The use of cloud computing for clinical data analysis appears to be catching on, says Patricia Dimond, a principal at BioInsight Consulting, in GEN. But some of the remaining tech hurdles--data security not least among them--are keeping prospective users at bay, and some technologists still see use of the cloud off in the future of clinical trial IT.
Among current providers of cloud services for clinical trials is IBM, whose Clinical Cloud offering combines multitenant security and the infrastructure to create an environment where partners can collaborate, according to the article. The service provides process integration and orchestration, a clinical application suite, compliance, analytics and collaboration capabilities as well as data and file sharing.
Another provider of cloud-based trial services is Wipro Technologies, with its clinical collaboration portal for developers, CROs, sites and regulators. And PharmaPros offers Dataflow Manager, which provides data streaming from such sources as interactive voice response systems, EDC, ePRO and lab, imaging and safety signaling systems.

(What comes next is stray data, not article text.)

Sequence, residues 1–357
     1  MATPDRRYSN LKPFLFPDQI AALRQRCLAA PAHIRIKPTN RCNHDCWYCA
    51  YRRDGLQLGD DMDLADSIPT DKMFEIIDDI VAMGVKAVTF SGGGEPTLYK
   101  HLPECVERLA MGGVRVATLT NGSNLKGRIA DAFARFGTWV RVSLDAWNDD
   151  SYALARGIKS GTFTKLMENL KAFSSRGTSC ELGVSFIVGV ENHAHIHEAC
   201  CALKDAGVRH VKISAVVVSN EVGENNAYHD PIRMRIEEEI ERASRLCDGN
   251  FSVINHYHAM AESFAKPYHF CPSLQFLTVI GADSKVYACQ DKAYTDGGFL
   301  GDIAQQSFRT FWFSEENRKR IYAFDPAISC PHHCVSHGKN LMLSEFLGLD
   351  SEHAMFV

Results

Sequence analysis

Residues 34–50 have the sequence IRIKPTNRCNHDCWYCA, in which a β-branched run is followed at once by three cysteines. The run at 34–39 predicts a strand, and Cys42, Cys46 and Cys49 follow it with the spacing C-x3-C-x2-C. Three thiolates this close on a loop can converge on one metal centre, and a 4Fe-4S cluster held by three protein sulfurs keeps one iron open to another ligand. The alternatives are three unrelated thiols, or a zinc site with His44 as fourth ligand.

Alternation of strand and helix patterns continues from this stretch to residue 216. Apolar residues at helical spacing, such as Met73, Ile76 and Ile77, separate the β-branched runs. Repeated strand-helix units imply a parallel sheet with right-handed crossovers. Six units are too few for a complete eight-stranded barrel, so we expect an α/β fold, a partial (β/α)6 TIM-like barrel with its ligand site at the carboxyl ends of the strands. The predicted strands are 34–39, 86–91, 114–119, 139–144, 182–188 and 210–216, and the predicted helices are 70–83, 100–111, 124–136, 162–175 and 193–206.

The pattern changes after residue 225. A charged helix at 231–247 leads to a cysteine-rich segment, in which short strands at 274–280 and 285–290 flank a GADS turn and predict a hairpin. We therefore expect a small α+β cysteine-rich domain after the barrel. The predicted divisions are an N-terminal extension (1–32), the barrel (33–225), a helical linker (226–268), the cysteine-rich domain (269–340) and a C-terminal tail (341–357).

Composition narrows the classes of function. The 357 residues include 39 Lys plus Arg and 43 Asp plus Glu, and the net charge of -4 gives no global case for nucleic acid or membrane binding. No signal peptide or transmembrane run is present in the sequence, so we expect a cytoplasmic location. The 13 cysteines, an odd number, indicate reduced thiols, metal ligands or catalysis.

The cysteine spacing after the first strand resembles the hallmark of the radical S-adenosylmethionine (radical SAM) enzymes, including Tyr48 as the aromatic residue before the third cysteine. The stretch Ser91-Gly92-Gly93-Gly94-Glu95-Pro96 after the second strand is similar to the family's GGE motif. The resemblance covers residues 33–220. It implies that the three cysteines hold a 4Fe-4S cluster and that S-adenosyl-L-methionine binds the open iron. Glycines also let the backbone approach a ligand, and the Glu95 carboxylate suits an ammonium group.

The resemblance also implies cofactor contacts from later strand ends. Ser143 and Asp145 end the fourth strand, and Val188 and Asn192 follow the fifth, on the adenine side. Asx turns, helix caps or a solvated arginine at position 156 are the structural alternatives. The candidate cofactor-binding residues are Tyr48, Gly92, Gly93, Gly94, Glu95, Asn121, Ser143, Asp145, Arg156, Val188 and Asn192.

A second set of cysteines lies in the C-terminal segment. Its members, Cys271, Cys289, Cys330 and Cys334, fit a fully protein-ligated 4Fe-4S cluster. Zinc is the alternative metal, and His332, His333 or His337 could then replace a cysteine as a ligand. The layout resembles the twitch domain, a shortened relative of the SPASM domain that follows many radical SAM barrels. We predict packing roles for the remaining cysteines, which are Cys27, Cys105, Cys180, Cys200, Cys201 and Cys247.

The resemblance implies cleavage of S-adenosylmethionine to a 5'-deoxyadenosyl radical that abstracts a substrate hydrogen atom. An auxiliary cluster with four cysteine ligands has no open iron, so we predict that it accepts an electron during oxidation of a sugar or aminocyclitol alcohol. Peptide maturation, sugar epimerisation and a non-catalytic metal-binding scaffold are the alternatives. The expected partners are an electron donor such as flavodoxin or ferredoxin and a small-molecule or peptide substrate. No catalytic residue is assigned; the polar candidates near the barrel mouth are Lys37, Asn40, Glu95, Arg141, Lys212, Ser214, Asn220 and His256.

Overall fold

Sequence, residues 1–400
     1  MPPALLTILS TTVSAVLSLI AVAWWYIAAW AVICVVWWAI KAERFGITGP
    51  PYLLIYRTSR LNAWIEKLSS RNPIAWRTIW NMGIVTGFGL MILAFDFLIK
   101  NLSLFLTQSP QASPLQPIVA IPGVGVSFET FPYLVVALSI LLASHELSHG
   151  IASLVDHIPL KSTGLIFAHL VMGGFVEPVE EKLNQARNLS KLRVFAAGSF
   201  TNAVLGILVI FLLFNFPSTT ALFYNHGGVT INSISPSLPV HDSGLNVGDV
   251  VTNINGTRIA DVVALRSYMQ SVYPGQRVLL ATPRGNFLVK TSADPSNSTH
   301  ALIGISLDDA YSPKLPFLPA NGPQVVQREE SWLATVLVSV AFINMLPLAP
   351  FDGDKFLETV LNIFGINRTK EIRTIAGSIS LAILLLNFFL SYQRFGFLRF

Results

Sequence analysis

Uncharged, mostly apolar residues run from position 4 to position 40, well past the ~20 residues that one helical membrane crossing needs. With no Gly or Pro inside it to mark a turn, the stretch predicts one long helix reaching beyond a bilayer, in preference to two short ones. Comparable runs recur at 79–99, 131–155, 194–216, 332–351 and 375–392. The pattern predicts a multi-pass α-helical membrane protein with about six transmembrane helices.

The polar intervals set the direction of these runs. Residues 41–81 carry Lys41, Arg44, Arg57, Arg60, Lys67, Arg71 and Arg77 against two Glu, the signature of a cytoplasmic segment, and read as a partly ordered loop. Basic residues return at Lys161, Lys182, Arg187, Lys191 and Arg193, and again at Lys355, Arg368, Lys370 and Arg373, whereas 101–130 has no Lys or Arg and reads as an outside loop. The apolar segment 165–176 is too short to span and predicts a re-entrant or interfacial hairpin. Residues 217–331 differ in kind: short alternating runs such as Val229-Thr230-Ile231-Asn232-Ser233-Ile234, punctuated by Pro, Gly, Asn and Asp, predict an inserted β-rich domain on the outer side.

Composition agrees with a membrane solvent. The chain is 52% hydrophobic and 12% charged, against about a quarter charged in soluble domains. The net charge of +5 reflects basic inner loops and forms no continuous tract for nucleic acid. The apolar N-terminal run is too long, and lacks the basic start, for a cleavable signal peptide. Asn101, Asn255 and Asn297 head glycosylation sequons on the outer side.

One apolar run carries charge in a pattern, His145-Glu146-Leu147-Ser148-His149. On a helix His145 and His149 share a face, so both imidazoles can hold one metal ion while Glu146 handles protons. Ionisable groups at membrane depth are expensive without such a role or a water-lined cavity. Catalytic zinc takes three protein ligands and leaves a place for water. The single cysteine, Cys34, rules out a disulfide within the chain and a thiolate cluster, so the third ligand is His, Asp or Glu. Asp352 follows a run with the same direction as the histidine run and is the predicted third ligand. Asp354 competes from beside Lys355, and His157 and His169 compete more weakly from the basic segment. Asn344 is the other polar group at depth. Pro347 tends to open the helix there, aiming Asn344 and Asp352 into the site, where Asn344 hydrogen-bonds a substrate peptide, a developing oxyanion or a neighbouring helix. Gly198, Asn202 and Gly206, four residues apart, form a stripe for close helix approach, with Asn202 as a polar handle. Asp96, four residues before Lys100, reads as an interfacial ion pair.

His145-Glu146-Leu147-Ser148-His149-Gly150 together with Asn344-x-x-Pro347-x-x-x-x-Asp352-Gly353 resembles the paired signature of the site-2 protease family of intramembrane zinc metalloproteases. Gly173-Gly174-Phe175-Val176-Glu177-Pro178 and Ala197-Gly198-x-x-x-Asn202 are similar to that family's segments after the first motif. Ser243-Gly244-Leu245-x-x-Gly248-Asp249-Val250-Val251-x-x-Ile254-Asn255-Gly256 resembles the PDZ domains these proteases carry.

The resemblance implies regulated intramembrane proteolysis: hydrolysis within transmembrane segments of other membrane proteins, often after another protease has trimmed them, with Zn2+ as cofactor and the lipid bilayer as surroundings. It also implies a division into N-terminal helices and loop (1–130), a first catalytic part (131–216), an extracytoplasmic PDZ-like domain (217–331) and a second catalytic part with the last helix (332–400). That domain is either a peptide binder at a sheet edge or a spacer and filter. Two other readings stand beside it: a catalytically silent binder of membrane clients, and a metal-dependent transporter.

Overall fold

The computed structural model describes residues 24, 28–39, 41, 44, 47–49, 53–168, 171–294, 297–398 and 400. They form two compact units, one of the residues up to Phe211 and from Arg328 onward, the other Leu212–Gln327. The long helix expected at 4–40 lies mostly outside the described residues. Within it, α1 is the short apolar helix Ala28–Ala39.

The challenge becomes viewing clinical trial data "holistically," the article says, and in time to make critical decisions.
Others see more basic challenges in use of the cloud for clinical trial data processes. Mika Nuutilainen, director, product development at CRF Health, says in the article that methods of clinical trial data management systems are still primarily traditional and highly focused on hardware units and their locations. Nuutilainen anticipates use of private clouds--dedicated server environment boosted with automatic management software--and community clouds, "if clinical companies can cooperate that much and there is a technology-oriented company driving the development."
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